China's economy slowed further in the second half of 2018, according to official statistics published on Jan. 21 but the figures are well manicured and present a misleadingly optimistic picture.
As with everything in China, there are nuances we should not overlook. Slower growth has been a feature for a decade -- the inevitable consequence of maturity and modernity. At 6.6% in 2018, the rate of economic growth is still relatively high by global standards.
Rebalancing is evident with the dependence on exports and investment declining and consumption accounting for about three quarters of gross domestic product growth last year, the second highest in the last decade. Meanwhile, services as a share of household consumption is rising and reached 44%, a further signal of rebalancing.
It should be noted, though, that rebalancing is happening in the context of slowing economic growth as investment activity, now down to 44% of GDP from a peak of 46%, falls back. No change is expected in this pattern.
However, official growth data are highly suspect because the time series lacks any semblance of volatility and cyclicality. The stability of the real GDP figures, adjusted for inflation, contrasts with significant swings in nominal GDP in which the deflator, the broadest inflation measure, dropped by 3 percentage points to 8% during the year. It is highly unusual, to say the least, for large swings in nominal GDP to occur when the real, inflation-adjusted, value slips almost imperceptibly.
Even this level of growth, though, doesn't really align well with bottom-up data in retailing, passenger and freight traffic, and electricity consumption. It would be surprising if growth late last year was much more than about 5% percent and it could easily have been a bit less.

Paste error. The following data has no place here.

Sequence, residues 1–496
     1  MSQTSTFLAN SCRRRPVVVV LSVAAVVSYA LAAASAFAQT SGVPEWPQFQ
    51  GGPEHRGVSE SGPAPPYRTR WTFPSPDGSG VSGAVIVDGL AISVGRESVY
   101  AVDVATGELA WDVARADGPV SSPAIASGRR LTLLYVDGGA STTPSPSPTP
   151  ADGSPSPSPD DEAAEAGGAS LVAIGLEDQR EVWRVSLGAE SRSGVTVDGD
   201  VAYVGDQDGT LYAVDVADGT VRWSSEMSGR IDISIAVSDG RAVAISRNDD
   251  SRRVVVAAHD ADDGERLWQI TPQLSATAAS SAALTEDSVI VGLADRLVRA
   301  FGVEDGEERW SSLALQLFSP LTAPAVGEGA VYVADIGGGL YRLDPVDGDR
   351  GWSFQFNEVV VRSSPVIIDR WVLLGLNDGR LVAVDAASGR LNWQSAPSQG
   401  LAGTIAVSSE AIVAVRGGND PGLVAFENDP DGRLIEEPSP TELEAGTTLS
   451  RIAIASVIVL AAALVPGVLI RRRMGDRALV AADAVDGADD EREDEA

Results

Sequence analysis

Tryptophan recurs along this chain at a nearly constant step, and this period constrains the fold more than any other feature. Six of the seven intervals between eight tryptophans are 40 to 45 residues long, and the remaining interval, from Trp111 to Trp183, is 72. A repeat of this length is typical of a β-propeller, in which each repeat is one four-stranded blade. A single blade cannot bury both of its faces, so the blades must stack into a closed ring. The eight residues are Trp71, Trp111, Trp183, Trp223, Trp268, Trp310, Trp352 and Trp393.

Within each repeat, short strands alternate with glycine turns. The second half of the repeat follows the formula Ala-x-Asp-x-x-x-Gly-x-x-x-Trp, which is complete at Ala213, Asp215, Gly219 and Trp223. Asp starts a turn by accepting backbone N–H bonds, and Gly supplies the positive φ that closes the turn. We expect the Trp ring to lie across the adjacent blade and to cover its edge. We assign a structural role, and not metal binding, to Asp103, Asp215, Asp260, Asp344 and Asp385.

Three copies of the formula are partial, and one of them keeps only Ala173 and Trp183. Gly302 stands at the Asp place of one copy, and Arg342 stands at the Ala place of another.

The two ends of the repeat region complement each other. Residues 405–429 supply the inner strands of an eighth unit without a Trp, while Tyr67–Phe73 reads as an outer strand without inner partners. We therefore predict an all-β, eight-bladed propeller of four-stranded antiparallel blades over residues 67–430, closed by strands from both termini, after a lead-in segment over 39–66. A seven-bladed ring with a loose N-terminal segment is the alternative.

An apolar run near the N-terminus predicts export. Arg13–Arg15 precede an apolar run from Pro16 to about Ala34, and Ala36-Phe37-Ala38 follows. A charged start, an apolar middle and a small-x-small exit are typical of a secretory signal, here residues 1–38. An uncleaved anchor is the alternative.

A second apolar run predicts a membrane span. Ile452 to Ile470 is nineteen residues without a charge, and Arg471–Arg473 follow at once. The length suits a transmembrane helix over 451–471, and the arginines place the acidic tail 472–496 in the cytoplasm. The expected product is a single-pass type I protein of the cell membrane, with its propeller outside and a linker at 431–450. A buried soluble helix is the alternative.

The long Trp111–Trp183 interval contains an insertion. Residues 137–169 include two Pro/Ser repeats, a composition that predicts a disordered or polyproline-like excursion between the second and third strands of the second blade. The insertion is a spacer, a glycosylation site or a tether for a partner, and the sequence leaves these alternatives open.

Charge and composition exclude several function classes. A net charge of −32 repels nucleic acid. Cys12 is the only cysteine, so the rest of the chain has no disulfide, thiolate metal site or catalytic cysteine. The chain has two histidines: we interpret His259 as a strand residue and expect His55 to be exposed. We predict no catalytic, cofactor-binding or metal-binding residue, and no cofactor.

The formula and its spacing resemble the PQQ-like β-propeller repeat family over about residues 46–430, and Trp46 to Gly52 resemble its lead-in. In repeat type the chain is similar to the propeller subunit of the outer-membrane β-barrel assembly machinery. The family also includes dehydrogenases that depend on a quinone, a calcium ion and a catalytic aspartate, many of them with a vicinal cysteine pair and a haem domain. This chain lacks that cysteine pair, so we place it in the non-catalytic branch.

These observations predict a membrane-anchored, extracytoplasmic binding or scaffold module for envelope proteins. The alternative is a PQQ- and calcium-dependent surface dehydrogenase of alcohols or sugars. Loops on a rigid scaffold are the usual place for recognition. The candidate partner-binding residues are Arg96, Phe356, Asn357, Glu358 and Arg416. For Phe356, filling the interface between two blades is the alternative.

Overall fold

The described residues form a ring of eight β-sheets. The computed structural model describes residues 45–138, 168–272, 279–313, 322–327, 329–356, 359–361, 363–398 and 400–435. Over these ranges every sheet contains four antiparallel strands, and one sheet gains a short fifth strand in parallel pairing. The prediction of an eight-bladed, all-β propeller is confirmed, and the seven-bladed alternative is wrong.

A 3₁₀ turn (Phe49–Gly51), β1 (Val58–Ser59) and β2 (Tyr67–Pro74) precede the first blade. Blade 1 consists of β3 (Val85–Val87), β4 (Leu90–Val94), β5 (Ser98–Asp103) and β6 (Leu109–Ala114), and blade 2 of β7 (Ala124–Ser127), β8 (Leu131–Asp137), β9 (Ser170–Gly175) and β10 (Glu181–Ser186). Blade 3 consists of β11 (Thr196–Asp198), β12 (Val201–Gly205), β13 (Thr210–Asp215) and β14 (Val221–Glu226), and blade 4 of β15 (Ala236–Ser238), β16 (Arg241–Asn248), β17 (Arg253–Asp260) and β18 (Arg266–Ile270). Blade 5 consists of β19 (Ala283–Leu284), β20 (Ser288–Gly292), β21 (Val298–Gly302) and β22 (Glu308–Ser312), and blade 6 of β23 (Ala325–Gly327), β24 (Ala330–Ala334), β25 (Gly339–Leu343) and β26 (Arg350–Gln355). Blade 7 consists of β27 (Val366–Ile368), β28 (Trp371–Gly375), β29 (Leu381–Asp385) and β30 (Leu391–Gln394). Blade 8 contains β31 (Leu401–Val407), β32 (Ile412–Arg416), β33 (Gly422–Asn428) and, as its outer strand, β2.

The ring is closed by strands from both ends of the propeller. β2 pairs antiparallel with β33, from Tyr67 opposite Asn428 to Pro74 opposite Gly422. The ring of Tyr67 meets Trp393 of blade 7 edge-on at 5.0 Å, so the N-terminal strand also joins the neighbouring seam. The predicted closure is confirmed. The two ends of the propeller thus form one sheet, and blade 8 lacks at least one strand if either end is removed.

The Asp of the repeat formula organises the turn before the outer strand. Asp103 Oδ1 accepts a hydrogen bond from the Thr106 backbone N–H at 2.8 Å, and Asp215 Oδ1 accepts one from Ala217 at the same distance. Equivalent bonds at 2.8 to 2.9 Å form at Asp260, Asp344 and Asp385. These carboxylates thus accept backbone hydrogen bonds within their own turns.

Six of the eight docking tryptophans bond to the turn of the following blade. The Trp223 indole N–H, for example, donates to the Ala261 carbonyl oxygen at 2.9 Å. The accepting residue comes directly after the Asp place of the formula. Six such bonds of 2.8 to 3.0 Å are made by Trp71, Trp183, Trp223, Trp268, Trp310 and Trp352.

China's economy may not have hit bottom just yet, and, using official data, could slip further toward the bottom of the government's 6-6.5% target range for this year. But the government is starting to pull out the stops to stabilize it in three ways so that by the second half of 2019, it may perk up a bit.
First, the trade war with the U.S. had only a minor impact on the economy in 2018, but President Donald Trump's tariff strategy for 2019 would, if implemented, have a much more significant impact on an economy that is already slowing.
It is strongly in China's interests to reach a deal to keep that protectionist strategy in the deep freeze. If trade alone were the issue, the deal would not be so elusive, especially if Trump wants to shout about success too. But on the deeper matter of industrial and technology policy, it is doubtful that meaningful resolution will occur, and so, to put it at its mildest, the tension over tariffs is likely to remain.
Second, the hit to the Chinese private sector's confidence and performance resulting from the Communist Party's backing for state sector enterprises and policies is being addressed to a degree. The People's Bank of China has made a lot of liquidity available to companies, the National Development Reform Commission is urging more lending to private companies, and the March 2019 National People's Congress is expected to approve tax cuts and other fiscally-supportive measures.